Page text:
Where Is Harold Napoleon Writing From?

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Harold Napoleon, a Yup’ik man, wrote his now-famous essay “I Was Born” in the late 1980s from a penitentiary in Alaska. In it, he details his life growing up in the small village of Kwethluk and his eventual descent into alcoholism and violence. Though he does not remember the specifics of the night he killed his child, he takes responsibility for his actions and expresses remorse for the pain he has caused. Despite the tragic events that led to his imprisonment, Napoleon’s essay is noteworthy for its unflinching honesty and its ability to capture the beauty of Yup’ik culture. In it, he provides a rare glimpse into the day-to-day life of a remote Alaska community and offers a powerful message of hope and redemption.

In “I Was Born,” Harold Napoleon describes his childhood in the small village of Kwethluk, Alaska. He talks about growing up in a close-knit community where everyone knew each other and looked out for one another. He recalls going ice fishing and seal hunting with his friends and family, and he remembers the warmth of the Yup’ik people. Napoleon says that his biggest regret is that he didn’t appreciate what he had until it was gone.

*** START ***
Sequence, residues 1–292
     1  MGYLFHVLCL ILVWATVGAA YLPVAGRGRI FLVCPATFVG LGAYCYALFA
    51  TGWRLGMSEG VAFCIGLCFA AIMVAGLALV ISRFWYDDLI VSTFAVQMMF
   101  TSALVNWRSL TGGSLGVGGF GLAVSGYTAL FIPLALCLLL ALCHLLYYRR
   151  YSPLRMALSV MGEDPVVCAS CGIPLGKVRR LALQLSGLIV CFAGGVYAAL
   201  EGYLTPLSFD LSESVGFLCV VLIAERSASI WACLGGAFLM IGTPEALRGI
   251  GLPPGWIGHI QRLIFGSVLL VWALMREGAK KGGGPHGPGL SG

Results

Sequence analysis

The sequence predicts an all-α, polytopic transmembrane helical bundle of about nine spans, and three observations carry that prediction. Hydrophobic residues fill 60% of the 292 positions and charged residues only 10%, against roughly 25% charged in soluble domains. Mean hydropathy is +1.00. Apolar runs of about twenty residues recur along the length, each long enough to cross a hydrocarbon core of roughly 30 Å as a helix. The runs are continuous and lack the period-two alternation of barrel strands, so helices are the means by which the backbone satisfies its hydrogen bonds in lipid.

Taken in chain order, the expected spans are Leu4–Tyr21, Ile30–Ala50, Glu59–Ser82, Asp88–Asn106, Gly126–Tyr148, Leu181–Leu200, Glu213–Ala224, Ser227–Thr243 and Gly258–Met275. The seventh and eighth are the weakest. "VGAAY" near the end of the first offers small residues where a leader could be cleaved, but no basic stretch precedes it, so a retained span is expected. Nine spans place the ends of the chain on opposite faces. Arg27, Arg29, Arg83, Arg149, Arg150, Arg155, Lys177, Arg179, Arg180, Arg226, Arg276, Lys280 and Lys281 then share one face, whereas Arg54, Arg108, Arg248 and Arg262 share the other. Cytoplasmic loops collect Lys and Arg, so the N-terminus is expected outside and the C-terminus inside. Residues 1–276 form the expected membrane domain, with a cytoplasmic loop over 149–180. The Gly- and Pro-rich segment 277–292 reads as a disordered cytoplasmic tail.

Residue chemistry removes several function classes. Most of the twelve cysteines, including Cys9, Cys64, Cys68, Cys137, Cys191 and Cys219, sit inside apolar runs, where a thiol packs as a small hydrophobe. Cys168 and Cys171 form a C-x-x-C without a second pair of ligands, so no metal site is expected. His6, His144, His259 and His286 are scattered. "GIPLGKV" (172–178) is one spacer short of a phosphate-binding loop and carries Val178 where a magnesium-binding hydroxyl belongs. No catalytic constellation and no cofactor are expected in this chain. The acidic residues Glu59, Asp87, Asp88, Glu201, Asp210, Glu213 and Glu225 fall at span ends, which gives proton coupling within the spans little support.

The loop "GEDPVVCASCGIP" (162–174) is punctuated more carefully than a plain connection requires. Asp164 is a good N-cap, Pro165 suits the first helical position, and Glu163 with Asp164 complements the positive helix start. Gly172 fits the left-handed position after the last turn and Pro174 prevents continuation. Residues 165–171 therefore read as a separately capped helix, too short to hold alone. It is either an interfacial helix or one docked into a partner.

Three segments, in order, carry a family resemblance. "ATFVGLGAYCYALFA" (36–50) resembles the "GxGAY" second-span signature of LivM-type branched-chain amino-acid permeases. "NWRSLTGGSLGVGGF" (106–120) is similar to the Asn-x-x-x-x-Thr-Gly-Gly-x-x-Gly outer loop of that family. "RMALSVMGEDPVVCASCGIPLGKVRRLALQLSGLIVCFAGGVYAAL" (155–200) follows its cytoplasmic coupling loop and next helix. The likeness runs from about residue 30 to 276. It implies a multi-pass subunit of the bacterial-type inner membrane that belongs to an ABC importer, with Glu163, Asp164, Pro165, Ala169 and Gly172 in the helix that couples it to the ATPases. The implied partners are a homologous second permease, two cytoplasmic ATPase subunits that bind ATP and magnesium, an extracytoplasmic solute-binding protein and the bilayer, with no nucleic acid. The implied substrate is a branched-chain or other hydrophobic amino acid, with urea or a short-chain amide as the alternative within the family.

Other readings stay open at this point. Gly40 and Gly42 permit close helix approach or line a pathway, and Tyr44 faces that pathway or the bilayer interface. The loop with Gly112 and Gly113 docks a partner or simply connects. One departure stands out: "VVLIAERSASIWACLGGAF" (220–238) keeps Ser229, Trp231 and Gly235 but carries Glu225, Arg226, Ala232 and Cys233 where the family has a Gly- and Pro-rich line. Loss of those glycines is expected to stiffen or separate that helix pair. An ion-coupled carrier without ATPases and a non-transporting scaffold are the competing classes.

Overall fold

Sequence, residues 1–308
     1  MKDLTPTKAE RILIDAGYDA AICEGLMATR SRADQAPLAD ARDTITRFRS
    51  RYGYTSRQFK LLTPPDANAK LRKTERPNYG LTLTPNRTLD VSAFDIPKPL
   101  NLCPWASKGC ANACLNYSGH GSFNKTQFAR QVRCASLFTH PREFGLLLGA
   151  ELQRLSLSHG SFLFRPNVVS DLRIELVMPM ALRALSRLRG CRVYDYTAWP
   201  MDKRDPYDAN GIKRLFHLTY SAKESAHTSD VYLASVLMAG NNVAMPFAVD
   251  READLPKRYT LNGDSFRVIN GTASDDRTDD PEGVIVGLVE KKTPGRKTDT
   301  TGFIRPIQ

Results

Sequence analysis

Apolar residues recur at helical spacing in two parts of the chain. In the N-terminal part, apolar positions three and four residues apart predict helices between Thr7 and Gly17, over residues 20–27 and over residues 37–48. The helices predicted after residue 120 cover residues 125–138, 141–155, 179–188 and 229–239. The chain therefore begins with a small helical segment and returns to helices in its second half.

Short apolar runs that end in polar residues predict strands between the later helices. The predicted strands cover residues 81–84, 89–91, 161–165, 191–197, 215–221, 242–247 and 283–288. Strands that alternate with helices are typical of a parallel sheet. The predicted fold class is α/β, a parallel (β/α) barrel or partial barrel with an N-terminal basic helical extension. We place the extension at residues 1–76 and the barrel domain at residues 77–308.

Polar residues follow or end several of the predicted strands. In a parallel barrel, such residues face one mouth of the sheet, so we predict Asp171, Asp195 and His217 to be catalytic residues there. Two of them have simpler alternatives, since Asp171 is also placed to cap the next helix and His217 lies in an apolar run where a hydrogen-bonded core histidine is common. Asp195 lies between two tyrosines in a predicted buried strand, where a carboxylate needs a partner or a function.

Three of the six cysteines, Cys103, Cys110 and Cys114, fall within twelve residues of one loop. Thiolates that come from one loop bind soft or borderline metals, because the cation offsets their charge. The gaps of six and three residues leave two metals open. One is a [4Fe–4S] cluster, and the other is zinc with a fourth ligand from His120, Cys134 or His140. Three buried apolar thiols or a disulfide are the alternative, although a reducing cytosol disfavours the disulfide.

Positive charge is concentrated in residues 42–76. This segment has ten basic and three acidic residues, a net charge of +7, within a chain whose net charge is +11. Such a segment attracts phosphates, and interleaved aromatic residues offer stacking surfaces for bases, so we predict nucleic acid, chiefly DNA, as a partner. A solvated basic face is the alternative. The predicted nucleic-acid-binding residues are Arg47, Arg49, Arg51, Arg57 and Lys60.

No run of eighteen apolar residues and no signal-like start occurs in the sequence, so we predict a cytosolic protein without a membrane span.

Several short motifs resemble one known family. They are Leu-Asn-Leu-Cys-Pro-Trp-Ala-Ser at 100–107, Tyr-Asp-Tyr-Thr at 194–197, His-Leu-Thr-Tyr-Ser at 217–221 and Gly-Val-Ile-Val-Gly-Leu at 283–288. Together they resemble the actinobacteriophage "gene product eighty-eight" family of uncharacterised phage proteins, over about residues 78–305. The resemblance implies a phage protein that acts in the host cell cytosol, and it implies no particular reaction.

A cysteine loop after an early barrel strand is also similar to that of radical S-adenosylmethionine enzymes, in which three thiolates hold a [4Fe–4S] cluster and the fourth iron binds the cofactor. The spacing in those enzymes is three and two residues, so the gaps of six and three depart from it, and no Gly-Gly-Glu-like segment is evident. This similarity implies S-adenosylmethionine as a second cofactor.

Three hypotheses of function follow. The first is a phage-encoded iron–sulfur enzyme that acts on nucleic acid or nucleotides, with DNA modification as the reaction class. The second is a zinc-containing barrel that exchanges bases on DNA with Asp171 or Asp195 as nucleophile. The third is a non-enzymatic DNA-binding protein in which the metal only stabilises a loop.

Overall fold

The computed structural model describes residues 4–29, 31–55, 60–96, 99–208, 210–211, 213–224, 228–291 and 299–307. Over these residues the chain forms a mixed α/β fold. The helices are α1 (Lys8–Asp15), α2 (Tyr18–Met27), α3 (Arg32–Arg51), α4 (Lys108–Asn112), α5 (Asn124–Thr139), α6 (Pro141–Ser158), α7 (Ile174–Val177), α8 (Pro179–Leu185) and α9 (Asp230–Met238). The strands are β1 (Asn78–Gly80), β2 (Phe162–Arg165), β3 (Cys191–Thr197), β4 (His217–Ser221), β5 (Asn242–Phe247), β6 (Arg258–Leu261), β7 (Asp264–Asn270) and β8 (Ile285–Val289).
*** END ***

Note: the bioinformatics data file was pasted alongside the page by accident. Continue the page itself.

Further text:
Alcoholism and violence eventually led to Harold Napoleon’s arrest and imprisonment. In his essay, he takes responsibility for his actions and expresses remorse for the pain he has caused. Despite the tragic events that led to his incarceration, Napoleon remains hopeful for the future. He urges people to learn from his mistakes and to appreciate the beauty of Yup’ik culture before it’s too late.

Harold Napoleon’s essay “I Was Born” is a powerful and moving account of his life in Kwethluk, Alaska. It provides a rare glimpse into the day-to-day life of a remote Alaska community and offers a powerful message of hope and redemption.

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